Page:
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Process and Tools
7 minute read

How to Scale Internationally: Global Product Design

Companies rolling out international products tend to focus primarily on proper language translation. However, a host of other essential components should not be missed in order to make your product a global success.

Most companies rolling out international products that automatically adapt to multiple national markets tend to focus primarily on proper language translation. However, a host of other essential components should not be missed when building global products.

A great example is the launch of Apple’s mobile operating system iOS6 in 2012. One of the key innovations Apple fans were so excited about was the announcement of the new Apple Maps app, freshly built internally at Apple, including the world premiere of 3D Maps. However, within days of the launch, the Apple Maps app was judged a public failure, with major issues in search results and location translation (e.g., Berlin became Schöneiche bei Berlin; searching for London in the UK resulted in London, Ontario, Canada; and Ireland suddenly had a new airport). Product launch in more than 100 countries at once is a huge undertaking, and some glitches are bound to occur, but the Apple executives who declared the app ready to be released had overlooked some core learnings.

Berlin became Schöneiche bei Berlin due to the major translation issues in Apple Maps app after its release in 2012

Product Architecture Matters

The key requirement for global product design is to lay the foundations of product architecture that are easily adaptable to different countries. It is crucial to ensure that all text components (so-called “strings”) are structured in a way that they are easy to extract for translation and then reintegration. Creating a capable feature matrix that shows what features appear when is also an essential step. It has to handle more contextual information—such as location, phone region, or phone language—than a purely local product would. Enabling the product’s feature set to adapt to the user’s detected location should not be an afterthought. As different countries tend to have different levels of cellular traffic, product teams have to decide what part of the architecture logic should be on the server, and what part will reside on the user’s device. Some products might also require an offline mode, which is a subset of the features available when the phone or device is not connected to the network. By taking all of these components into consideration, the product will be ready to scale, be it for two or 50 countries.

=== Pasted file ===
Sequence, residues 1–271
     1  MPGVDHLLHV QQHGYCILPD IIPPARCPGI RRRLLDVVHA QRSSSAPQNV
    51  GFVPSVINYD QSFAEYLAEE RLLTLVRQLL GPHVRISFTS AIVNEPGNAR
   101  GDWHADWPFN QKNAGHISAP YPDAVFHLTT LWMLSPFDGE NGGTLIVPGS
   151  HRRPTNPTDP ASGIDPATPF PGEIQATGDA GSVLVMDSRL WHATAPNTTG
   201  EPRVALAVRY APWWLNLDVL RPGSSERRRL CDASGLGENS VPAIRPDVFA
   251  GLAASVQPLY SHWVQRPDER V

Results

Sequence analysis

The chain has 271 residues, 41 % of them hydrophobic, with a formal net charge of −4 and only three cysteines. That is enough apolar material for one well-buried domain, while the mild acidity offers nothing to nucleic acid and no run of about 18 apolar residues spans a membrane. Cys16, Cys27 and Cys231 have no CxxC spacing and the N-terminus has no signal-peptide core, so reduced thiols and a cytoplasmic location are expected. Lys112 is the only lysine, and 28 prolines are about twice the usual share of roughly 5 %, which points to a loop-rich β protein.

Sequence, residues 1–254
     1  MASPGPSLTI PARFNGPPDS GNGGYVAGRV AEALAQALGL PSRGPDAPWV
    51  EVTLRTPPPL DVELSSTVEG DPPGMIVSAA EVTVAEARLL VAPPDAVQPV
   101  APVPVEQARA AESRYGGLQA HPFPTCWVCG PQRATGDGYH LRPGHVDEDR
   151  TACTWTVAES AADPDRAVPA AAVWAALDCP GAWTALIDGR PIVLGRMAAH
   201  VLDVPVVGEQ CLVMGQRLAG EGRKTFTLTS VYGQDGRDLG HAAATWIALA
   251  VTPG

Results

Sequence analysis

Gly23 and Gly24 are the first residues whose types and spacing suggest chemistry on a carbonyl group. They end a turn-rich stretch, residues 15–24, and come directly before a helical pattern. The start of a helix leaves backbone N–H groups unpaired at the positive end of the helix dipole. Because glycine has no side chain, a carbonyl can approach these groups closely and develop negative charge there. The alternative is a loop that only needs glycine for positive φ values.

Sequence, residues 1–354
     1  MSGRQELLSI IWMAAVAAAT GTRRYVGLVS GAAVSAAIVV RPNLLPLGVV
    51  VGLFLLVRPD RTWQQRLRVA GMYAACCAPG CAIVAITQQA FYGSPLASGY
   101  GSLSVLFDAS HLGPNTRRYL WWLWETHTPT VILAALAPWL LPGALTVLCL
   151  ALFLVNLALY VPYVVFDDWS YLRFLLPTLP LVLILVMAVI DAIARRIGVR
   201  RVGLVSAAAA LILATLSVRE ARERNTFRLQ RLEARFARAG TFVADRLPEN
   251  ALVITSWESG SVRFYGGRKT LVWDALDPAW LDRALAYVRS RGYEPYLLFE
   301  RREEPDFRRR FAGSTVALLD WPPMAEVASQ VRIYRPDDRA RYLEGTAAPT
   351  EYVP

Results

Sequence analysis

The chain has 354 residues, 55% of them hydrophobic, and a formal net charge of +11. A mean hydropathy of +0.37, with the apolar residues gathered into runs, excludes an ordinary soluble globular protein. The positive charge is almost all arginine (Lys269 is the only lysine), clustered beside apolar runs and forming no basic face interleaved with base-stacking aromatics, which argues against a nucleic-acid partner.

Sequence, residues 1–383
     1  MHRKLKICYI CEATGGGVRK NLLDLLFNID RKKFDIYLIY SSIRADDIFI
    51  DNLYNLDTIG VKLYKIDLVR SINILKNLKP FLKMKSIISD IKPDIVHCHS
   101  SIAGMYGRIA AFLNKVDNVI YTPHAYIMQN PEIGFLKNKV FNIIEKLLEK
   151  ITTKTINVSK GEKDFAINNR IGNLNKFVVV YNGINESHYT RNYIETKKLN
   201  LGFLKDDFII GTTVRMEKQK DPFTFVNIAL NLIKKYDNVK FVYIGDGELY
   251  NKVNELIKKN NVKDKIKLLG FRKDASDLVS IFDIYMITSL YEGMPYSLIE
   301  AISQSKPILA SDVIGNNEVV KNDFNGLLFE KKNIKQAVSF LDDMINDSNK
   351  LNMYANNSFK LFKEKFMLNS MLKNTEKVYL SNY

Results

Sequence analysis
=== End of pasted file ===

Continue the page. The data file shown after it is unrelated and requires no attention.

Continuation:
Performance and server architecture are two more key questions that have to be addressed ahead of time. Ensuring that a product has adequate performance 24/7 in countries across the globe requires a server architecture with an adequate level of server nodes and load-balancing capability. Based on the amount of traffic, product teams have to decide whether they need server nodes in the US, Latin America, Europe, or Asia, since it is more optimal to have nodes closer to regions with high traffic in order to ensure a real-time response. Based on optimized hourly usage curves, the traffic load can be balanced across a 24-hour spectrum—for example, the major West Coast servers can be offloaded by moving traffic to the East Coast when the usage in the East drops.

West Coast servers can transfer some of its traffic to East in order to balance the traffic load

Region vs. Language Matrix

For mobile apps, the best way to detect a user’s country and where their phone was issued is to rely on the regional setting chosen by the user or defaulted out of the box. This can also be combined with the language setting to create a complex matrix of supported regions and countries, rather than languages. For example, that would enable a Chinese national who lives in the US and bought a US phone to have the phone and app display the Mandarin language. Another decision the product team needs to make is the default settings when a language or country is not supported. For example, if the software does not support the Finnish language in Finland, the default should be English. This allows the product to offer preferences and customization.

Complexifying the Feature Matrix

A standard feature matrix will support a number of standard scenarios. For example, if the user is already logged in, they should be able to go directly to the homepage, not be confronted by the login page. However, building international products means increasing the complexity beyond the features that are interacting together. A good example is the Facebook Dating feature, which was first tested in Colombia but was not available to US users for some time. In this case, if the software detects the user’s country as Colombia, it should show the user’s login state and the Facebook Dating feature. However, if the user is in the US, the login state should be visible, but not the dating feature.

Similarly, in the Apple Maps example, the search feature should not surface what appears to be the first logical result, but rather take into account the user’s location. In alphabetical order, “London, Canada” comes before “London, UK,” but if the user is in the UK and types “London” as a keyword, the location in Canada should appear as the second, not first, choice.

Therefore, the search results matrix needs to be weighted by criteria such as the user’s region, determined from the phone settings, computer’s IP address, or user’s current location, recognized by the app. The feature matrix should also support precise, automated decision-making based on context, such as the user’s base country, current location, and language preferences.

Cultural Differences in Feature Interaction